Women in Trade: Collins Rex, Asia/ Africa Director for GTPA

05.02.2019 Lisa McAuley

In advance of International Women’s Day on the 8th March, the GTPA is pleased to launch today a new campaign to shine a light on the women who rock international trade. Our first leader is our very own Collins Rex.

Collins is passionate about seeing small business do better business and do it on the global stage!
To this end, she’s been responsible for the development and delivery of training courses across a range of topics, including export readiness, pitching/presentation & Free Trade Agreements workshops. Her international trade knowledge and skills have been honed over many years, as evidenced by her managing and delivering a number of major trade-related projects.


What is your background working in international trade?

I'm a marketing specialist who worked for years in and around the technology space, until the international trade bug bit. For the past 11+ years I've assisted companies to do better business, and to do it on the international stage. For 10 years I worked with the Export Council of Australia, managing the State of Victoria, heading up the skills team, developing international trade tools like the ANZ Be Trade Ready website, and developing and presenting more educational programmes than I can count. It has, however, been over the past 14 or so months that I've become well and truly entrenched in international trade, working with the Global Trade Professionals Alliance (GTPA) as the Director responsible for Asia and Africa, and developing and delivering the eCommerce strategy.

What inspired you to enter into a career in international trade?

I came to international trade via a rather circuitous route! Having owned and operated my own business on two continents gave me some firsthand insights into the challenges faced by MSMEs. I've helped companies of all sizes with their marketing strategies, and I also worked for many years with not-for-profits with SME members. Taking the step into assisting SMEs do international business, was a natural progression.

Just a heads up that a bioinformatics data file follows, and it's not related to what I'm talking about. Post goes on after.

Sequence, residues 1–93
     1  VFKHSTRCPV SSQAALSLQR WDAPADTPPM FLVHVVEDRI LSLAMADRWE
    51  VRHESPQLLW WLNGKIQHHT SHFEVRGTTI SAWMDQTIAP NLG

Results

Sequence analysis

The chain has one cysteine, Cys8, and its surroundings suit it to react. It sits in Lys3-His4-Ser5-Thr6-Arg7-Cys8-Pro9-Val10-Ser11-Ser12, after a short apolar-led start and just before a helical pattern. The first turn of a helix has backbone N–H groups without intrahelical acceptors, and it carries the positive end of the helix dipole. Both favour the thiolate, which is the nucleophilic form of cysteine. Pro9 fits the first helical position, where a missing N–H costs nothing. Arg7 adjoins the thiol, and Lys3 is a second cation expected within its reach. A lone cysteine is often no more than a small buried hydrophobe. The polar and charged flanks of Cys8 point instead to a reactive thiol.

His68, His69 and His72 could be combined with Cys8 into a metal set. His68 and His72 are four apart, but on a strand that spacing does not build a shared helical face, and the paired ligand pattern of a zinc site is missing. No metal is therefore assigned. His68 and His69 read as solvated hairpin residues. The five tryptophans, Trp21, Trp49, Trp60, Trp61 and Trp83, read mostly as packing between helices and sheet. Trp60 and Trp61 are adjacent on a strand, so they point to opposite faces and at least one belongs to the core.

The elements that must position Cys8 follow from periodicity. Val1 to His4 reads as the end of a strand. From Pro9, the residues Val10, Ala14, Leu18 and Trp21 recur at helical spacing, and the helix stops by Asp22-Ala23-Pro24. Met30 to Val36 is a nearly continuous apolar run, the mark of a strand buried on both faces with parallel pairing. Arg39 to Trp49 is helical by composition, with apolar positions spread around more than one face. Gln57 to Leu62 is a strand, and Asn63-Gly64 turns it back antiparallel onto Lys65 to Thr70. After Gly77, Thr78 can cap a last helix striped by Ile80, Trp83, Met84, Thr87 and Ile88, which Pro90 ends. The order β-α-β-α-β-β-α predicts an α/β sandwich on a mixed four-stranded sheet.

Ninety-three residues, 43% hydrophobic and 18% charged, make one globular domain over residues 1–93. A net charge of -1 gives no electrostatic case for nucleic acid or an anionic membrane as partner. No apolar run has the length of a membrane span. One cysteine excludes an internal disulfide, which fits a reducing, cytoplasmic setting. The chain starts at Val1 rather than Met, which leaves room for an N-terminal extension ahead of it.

If you were to go back in time and invite any three leaders to dinner who would they be?

Nelson Mandela, Marie Curie and Katherine Johnson.

What are the top 3 challenges of working in international trade?

As a woman working in the developed world, I don’t think my challenges are any different from a man’s working in international trade. I would highlight these challenges:
• Finding enough hours in the day to do everything that needs doing
• Dealing with sometimes punishing travel schedules
• Constantly keeping up with changes in the international business landscape

Having said that, though, I wouldn’t change a thing!

What are the top 4 opportunities for anyone looking to work in international trade?

Again, these are not necessarily specific to a woman, but the opportunities are:
• Learning more than one ever imagined
• Meeting remarkable people
• Travelling
• Making a contribution 

How would you encourage more women to enter into a career in international trade?

By getting them young! Little girls at primary school level should be encouraged to think beyond careers in their own backyards. They should have role models who have achieved success on the global stage, in all walks of life and business. There are so many truly remarkable women who are perfectly positioned to inspire a generation of girls to enter the world of international business.

For further information on how to get involved in the campaign please contact info@gtpalliance.com


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